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FROM THIS EPISODE

I want you to imagine the Venn diagram where high art intersects with fart jokes.

That sweet spot, if you want to call it that, is the where Sacred Fools latest show "The Art Couple" lives.

The setup for the show is several duos and time periods so stick with me.

The play opens in 1888, Paris and introduces us to the unlikely future roommates Paul Gauguin and Vincent Van Gogh - and to give you a sense of the show's humor there's a whole phlegmatic comedy bit that pokes fun at the difficulty of pronouncing Vincent's name. We learn during a poker game played by Georges Seurat, Auguste Rodin, Toulouse Lautrec, and Gauguin that the somewhat crazy Vincent Van Gogh is trying to start an artists' colony in Arles and he'd love them all to come join him. Vincent, or as this show often calls him, Vinnie is a handful. He's an obsessive and seems to be constantly threatening suicide. That's too much for the other artists to handle but Gauguin's short of cash and despite his dysentery (cue the bathroom humor), Gauguin says what the hell.

So here we have our artistic odd couple - which leads to our historical parallel in 1963.

Next scene has us at the Village Gate jazz club watching Neil Simon scribble furiously in a notebook. It's the end of the evening. A bus boy is getting ready to kick this distracted writer out when he strikes up a conversation. Turns out Mr. Simon has just been paid a bundle for his next script. Trouble is the only thing he's got is a title "The Odd Couple." Other than that he's totally blocked. This mysterious, rugged busboy has an idea - he's got to head to the Catskills, why doesn't Mr. Simon join him and get back to his artistic roots, stop writing all that Broadway cotton candy and make some real art.

So those are our two couples and of course, with a script like this, the worlds are going to coincidentally collide often with some really broad humor.

"The Art Couple" is sort of an odd duck and in many ways echoes the work of Sacred Fools.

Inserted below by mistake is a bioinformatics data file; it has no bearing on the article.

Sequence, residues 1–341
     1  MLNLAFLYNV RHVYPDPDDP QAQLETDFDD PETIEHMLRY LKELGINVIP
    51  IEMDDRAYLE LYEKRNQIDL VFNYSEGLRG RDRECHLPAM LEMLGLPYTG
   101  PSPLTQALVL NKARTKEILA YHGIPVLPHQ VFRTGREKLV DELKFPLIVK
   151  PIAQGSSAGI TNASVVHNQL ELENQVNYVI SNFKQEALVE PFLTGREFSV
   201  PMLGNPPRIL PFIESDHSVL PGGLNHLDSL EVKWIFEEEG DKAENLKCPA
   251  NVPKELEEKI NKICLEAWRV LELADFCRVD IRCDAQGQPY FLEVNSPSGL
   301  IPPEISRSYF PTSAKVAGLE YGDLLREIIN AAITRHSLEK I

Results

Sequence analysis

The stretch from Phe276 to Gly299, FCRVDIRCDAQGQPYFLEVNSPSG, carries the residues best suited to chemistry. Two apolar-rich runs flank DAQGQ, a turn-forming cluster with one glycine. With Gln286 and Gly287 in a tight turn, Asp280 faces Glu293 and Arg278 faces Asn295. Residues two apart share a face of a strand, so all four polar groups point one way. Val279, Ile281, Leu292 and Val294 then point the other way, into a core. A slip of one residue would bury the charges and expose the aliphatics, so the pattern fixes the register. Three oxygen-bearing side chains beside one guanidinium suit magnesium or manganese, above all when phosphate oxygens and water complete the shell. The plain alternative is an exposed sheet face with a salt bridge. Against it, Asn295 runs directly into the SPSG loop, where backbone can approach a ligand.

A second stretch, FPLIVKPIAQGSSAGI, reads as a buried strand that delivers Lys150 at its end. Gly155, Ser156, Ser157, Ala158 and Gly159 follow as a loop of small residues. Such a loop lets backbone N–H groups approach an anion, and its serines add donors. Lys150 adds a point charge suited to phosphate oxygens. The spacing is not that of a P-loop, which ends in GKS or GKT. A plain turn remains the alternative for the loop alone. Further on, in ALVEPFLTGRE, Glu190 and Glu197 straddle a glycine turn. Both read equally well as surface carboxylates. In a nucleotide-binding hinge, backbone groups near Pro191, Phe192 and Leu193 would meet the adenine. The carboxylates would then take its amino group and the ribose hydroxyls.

On one hand, there's a sort of intriguing central question that seems to be driving at the difference between dedicated artists and commercial hacks. It's trafficking in a recognition of major works of art and the idea that the audience knows enough to laugh at a joke whose punchline is pointillism.

On the other hand, well . . . dysentery.

This is also a play with fart jokes, simple humor, and comically pasted on beards that leave you wondering who the joke is on.

Like a lot of Sacred Fools shows it has the feeling of being a really long skit. But then it has a couple of performances that are much deeper than they have any right to be. The playwright Brendan Hunt, who also plays Van Gogh and Ryan Patrick Welsh, who plays that busboy, both give performance that make you yearn for the play to be better, for the basic idea to get more complicated, for this meditation on art to take itself more seriously.

But that's not this play and that's not Sacred Fools. And honestly, that's simple and great. You'll leave feeling smarter than the play but you'll also laugh at more than one dumb joke. And that's fun.

"The Art Couple" plays at Sacred Fools in Hollywood through April 7th.

Running time: 2 hours and 30 minutes with one intermission.


(L to R) Bryan Bellomo as Paul Gauguin, Clayton Farris as Neil Simon, Brendan Hunt as Vincent van Gogh. Photos credit: Darrett Sanders. Courtesy of Sacred Fools.

CREDITS

Host:
Anthony Byrnes

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